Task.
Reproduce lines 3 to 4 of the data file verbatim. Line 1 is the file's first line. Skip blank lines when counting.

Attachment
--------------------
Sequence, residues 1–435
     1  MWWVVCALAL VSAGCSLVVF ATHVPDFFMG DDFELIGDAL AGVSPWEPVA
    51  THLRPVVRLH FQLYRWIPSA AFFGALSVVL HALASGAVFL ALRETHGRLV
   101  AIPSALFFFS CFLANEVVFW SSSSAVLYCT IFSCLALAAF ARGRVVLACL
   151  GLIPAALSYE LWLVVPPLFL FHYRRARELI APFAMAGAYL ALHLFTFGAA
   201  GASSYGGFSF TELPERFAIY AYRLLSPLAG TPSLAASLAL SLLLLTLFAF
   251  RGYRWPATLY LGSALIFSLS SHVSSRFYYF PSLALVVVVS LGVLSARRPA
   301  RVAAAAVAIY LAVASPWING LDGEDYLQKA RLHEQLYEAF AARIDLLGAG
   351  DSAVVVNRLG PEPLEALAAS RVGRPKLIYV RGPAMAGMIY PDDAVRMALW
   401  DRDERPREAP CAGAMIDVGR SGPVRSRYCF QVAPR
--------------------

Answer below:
    51  THLRPVVRLH FQLYRWIPSA AFFGALSVVL HALASGAVFL ALRETHGRLV
   101  AIPSALFFFS CFLANEVVFW SSSSAVLYCT IFSCLALAAF ARGRVVLACL